The Republic of Congo (or Congo) is one of the more developed countries in Central Africa. It is a land characterized by vast virgin forests and abundant wildlife in the north, waterfalls, rapids, and swamps in the central and south, and sandy plains, lagoons, and the Mayombe Mountains near and along the coast. Congo is often confused with the Democratic Republic of Congo, which had long been known as Zaire before it changed its name in 1997. “Congo” usually refers to the Republic of Congo and not the Democratic Republic of Congo. The two countries stand on opposite sides of the Congo River.
Congo is divided into several regions. The shores of the Atlantic Ocean consists of low, treeless plains while inland from the coastal plain and running parallel to the coast is the Mayombe Escarpment, which rises to average elevations of over 2,500 feet. The escarpment is also forested with dense jungle vegetation, forming a natural barrier that makes it difficult to reach the interior of the country. The inland regions are defined by huge swamps alongside the Congo and Sanga Rivers.
Running through the heart of the country is the mighty Congo River, one of the continent’s great rivers. There are also numerous other rivers like the Sanga, Ubangi, Niari, and Kouilou, which all create the rapids and waterfalls that crisscross through Congo.
The Republic of Congo is made up of 15 distinct ethnic groups and more than 75 tribes, almost all of them of Bantu origin. Most of the people in the country live in the southern portions of the country around Brazzaville and Pointe-Noire. In the dense forests, you’ll find the Pygmies, a group of short people no taller than five feet who still follow the traditional ways of their ancestors. The coast, on the other hand, is dominated by the Vili. Around Brazzaville, you’ll find most of the Bakongo. The M’Bochi and Bateke live inland. There are also a minority of Europeans, mostly French. Compared to other African countries, the Republic of Congo is highly urbanized. More than 60% of the population lives in the country’s five major cities: Brazzaville, Pointe-Noire, Dolisie (or Loubomo), Jacob, and Nkayi. These cities are fairly modern and people wear Western-style clothing.
Tourism in Congo revolves around the country’s big cities. Brazzaville, for example, offers charming old architecture, highlighted by the Basilique Sainte Anne and its famous green tiled roof. You’ll also find the landmark Nabemba Tower, the Temple Mosque, the Congressional Palace, and the house of Charles de Gaulle, which was designed for the former French president when Brazzaville was the capital of Free France. You can also visit colorful markets like Moungali and Oluendze.
Pointe-Noire is another major city in Congo and offers several excellent beaches nearby in the Cote Sauvage region. The suburban village of Loango has an historical appeal; it was the embarkation port for millions of slaves to the New World. You should also check out the Gorges of Diosso nearby; it is a set of spectacular cliffs created from wind and sea erosion.
Outside of the city, you can enjoy some of Congo’s natural features, including the Congo Rapids to the south. Waterskiing along the Congo and Kouillou rivers is particularly popular, but make sure the region is not embroiled in any violent conflict when you go. Congo also has some impressive waterfalls in its countryside, including the Loufoulakari Falls and Trou de Dieu.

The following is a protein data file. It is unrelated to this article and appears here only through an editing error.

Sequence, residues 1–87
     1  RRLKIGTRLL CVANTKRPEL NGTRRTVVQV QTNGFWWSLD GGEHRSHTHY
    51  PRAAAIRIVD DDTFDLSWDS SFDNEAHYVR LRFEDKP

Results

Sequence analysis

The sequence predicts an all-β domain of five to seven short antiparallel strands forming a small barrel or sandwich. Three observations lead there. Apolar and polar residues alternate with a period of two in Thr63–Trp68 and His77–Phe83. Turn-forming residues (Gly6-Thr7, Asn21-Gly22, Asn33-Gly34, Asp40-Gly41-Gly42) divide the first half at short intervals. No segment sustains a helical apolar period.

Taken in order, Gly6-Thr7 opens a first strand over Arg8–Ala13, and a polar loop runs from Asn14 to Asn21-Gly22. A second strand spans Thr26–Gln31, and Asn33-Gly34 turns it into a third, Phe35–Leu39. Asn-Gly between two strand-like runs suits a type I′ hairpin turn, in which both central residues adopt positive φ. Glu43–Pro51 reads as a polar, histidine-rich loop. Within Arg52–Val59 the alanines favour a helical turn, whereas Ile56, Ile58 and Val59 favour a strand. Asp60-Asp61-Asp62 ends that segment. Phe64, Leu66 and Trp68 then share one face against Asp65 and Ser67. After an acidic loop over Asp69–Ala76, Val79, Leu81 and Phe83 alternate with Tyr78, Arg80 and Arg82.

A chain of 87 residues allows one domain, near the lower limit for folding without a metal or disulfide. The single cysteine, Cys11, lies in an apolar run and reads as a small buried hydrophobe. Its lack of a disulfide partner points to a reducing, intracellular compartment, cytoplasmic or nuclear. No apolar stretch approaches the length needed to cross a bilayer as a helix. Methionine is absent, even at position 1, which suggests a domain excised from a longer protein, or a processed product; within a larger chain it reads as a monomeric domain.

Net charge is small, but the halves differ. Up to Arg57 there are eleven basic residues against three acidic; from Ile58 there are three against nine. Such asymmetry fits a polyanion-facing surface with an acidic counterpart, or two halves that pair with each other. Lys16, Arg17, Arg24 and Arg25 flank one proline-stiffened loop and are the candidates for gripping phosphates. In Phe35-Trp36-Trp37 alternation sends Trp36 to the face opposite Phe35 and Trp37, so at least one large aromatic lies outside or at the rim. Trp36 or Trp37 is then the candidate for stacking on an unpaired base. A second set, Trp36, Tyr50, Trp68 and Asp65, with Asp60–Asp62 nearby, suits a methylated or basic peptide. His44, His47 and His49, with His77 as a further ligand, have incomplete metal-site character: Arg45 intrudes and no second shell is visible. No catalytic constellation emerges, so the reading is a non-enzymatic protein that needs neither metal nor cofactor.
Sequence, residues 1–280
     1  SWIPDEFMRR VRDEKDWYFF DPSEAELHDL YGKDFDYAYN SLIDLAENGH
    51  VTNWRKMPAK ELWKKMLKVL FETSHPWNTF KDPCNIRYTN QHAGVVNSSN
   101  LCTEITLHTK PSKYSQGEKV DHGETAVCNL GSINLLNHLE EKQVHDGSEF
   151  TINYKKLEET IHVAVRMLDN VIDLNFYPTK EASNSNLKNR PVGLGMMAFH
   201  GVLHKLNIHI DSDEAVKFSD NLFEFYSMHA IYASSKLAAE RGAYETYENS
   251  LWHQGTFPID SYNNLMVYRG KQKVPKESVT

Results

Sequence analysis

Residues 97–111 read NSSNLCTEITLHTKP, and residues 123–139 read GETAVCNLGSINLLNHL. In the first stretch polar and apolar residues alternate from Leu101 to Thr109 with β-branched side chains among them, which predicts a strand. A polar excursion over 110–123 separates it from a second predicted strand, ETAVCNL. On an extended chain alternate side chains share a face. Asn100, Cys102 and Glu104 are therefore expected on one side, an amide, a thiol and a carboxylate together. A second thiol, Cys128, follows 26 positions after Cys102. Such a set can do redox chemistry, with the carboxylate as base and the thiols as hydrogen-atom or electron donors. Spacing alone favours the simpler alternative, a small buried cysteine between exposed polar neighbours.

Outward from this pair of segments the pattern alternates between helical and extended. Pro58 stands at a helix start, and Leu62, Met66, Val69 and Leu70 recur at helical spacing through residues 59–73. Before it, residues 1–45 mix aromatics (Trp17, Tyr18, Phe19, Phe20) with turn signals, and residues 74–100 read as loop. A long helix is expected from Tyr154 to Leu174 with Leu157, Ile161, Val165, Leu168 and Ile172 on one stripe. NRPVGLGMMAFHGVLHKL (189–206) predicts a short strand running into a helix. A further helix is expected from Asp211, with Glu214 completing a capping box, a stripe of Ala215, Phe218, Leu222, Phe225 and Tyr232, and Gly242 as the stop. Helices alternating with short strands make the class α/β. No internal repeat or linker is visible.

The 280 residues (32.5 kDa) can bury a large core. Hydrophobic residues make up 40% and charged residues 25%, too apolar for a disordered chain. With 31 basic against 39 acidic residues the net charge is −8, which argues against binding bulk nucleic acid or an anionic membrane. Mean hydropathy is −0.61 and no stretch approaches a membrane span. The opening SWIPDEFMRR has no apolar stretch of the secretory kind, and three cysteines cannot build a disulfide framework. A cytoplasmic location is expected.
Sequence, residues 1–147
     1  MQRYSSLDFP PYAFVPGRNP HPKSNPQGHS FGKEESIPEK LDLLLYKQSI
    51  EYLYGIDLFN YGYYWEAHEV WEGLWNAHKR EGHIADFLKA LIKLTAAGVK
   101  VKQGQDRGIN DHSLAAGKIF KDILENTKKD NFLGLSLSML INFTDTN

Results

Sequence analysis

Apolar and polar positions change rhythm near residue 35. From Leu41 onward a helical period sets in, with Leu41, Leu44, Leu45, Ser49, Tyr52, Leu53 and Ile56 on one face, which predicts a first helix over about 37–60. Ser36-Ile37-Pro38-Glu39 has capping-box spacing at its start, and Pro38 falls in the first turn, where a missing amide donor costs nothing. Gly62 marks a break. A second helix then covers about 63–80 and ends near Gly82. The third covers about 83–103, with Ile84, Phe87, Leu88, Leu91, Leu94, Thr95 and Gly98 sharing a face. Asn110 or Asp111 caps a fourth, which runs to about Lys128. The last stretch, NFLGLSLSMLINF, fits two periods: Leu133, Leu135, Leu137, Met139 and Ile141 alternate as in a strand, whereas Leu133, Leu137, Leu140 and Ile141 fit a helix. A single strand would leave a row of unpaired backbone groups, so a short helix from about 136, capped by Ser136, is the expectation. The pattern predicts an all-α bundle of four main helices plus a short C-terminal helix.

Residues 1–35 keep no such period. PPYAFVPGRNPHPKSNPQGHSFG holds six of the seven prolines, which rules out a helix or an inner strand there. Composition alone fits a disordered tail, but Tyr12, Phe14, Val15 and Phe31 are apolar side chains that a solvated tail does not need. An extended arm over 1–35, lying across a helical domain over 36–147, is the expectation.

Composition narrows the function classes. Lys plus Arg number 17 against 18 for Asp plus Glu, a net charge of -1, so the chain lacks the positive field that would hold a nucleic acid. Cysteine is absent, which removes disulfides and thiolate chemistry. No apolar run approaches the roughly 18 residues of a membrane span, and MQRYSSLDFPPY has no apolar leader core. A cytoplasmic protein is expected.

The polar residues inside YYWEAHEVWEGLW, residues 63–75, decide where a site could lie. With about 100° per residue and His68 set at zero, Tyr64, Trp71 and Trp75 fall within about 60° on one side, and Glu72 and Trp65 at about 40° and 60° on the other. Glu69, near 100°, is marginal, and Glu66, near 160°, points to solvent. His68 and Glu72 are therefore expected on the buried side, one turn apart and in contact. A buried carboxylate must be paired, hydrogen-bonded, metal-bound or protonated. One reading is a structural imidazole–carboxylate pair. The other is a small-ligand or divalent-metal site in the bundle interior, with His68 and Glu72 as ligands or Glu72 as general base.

In the region near the city of M’Be, you can visit Lac Bleu and the Valley of Butterflies to enjoy some good fishing.
Located close to the equator, Congo is a very hot country. Temperatures average between 27°C (80°F) and 32°C (90° F) year-round when very minimal seasonal change. Rainfall is heavy, except in the Bateke Plateaus inland from the Mayombe Escarpment, where long dry seasons occur between May and October.
The kingdom of Kongo was established in Congo about 400 years ago and grew to become the largest in Central Africa, stretching from the Congo River to Angola. The kingdom reached the height of its power in the 16th century, but then stumbled into internal economic and political problems, contributed by the arrival of the Europeans.
The Portuguese were the first Europeans to explore the region in the late 1400s. The French, though, were the first to colonize the area when they set up trading and slave centers in the 17th and 18th centuries. After slavery was abolished, France used Congo as a naval and trade base.
In 1880, Brazzaville was established as a post and was used in the early 20th century as the seat of government for the colony of French Equatorial Africa, which included Congo, Gabon, Ubangi-Shari, and Chad. The French Equatorial Africa was dissolved in 1958 and the Republic of Congo gained full independence in 1960.
The country was originally run by a Communist-style government led by Alphonse Massamba-Debat, but he was deposed by the military in 1968. Socialist military governments ran the country until 1979 when the legislature and elections were restored. The country operated under a single political party system until 1992. However, Congo was plunged into a civil war in 1997 when long-standing ethnic and regional rivalries came to full boil. Sassou-Nguesso, who had lost the first multiparty elections in 1992 to Lissouba, seized control of Brazzaville, destroyed much of the city, and felled the Lissouba government. Sassou-Nguesso declared himself president, and a civil war ensued until a ceasefire was struck in 1999. In 2002, “multi-party” elections were held but Lissouba was prevented from competing. Sassou easily won the election as he was effectively the only viable candidate, reverting the country back to the days of single-party rule.